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There seems to be a lot of hoops to jump through to close on the sale of a property. For the novice buyer the steps in the process can by dizzying to say the least. Still, one must keep a level head to complete transactions with aplomb in today's dog eat dog Real Estate world. Keeping a handle on Title Transfer and Title Insurance will help to seal the deal with ease and take the pressure off of you.
The title of a property is the proof (deed) that a person or entity actually owns the property or land in question for sale. You can imagine how many disappointed and angry people in the past took many steps in the closing process only to find some impropriety happened that put the brakes on the deal. Legal Title ownership usually trumps Equitable Title a.k.a possession or residence (whom enjoys the property).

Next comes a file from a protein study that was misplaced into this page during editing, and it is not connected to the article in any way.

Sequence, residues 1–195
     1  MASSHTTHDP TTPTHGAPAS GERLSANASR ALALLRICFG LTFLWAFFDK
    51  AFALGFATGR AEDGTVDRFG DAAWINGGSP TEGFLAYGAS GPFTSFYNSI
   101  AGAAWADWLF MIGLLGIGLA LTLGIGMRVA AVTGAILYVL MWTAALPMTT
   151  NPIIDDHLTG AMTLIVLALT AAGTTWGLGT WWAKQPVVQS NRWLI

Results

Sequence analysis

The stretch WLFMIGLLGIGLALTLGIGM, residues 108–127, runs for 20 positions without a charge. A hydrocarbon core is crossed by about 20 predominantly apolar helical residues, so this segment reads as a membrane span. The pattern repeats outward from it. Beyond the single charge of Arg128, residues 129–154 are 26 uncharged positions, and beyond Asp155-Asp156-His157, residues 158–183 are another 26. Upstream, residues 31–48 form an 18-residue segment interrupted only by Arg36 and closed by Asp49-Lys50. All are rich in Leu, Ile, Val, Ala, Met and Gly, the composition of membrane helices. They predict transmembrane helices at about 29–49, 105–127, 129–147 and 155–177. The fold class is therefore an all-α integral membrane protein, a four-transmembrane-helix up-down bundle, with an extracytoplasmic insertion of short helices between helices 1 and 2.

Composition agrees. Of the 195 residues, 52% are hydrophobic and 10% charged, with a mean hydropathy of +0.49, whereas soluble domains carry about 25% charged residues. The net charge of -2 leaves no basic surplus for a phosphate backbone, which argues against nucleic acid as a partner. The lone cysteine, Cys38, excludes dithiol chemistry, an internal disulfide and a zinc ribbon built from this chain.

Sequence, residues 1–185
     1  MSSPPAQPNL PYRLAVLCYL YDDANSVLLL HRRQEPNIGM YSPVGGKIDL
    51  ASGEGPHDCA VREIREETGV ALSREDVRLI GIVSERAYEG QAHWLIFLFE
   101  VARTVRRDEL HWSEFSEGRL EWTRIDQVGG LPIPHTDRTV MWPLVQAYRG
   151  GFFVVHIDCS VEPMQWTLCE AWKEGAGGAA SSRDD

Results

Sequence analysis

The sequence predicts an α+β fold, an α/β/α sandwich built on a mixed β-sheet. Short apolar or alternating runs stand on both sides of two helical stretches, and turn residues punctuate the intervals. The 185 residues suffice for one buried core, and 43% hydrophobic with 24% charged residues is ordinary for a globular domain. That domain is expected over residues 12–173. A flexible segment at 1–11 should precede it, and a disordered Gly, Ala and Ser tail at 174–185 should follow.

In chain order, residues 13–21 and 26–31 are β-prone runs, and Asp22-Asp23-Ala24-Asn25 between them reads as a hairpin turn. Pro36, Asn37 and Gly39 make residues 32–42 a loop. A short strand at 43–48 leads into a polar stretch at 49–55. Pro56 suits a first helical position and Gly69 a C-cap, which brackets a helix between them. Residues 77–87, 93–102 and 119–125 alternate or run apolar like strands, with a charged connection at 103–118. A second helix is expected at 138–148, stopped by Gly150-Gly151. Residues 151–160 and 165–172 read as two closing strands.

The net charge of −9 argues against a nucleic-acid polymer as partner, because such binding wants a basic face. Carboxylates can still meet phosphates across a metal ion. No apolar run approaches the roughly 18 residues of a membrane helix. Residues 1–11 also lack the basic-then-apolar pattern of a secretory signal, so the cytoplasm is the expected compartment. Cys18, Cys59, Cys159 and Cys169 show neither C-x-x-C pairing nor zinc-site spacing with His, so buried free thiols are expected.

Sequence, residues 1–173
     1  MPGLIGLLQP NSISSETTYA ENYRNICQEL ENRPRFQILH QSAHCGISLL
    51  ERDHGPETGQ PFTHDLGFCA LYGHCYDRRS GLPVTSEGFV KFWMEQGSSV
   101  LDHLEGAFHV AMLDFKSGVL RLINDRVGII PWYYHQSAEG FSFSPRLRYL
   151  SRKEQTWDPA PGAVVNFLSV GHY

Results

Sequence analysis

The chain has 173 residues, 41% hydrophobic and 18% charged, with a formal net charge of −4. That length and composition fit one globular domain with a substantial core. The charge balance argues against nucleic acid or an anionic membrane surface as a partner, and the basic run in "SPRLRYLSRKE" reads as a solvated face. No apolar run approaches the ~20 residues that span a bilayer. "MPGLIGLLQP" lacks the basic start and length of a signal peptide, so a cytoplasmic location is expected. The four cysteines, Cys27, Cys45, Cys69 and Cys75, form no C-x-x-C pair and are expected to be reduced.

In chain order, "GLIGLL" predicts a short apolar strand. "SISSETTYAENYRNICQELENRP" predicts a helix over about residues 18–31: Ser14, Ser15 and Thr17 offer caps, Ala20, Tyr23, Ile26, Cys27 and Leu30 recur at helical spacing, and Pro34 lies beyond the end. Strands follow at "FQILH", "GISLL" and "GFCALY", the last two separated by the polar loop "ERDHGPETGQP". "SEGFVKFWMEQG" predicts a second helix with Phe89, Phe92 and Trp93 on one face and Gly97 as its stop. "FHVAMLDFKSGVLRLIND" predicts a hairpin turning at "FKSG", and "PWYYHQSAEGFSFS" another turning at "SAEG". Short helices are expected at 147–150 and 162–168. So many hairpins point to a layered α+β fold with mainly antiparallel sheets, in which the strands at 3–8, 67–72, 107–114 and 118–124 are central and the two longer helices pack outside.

Especially in a market flooded with Short Sales, distressed properties and REO's most lenders require buyers to carry some form of title insurance as part of every transaction. Insurance, as in all other cases is to protect all parties (buyer, seller and lender) and should not be taken lightly. Lenders universally lean on the American Land Title Association (ALTA) guidelines for loan policies on transactions, which mandates insurance be utilized. Even cash for property transactions have some amount of insurance attached to them.
Most states, cities and other municipalities demand some type of Real Estate Transfer Tax for most transactions. Normally they can range from a small fraction of a percent of the total sale cost to 4-6% in other places like major cities with high taxes rates. Some locales demand that the transfer taxes be split between buyer and seller and often come with ceilings on a total by the buyer. As part of your due diligence you should consult your local government assessors office on tax rates before beginning the sale process.
In most cases thanks to the Real Estate Settlement Procedures Act of 2007 or RESPA most investors and buyers can choose their own title insurance company. This was done to promote fairness, eliminate kickbacks and protect the consumer. If a property is distressed or the potential buyer has some credit history knocks against him or her, the lender may insist a certain title company be used. This is allowable under certain circumstances where the lender is taking on a greater risk than normal.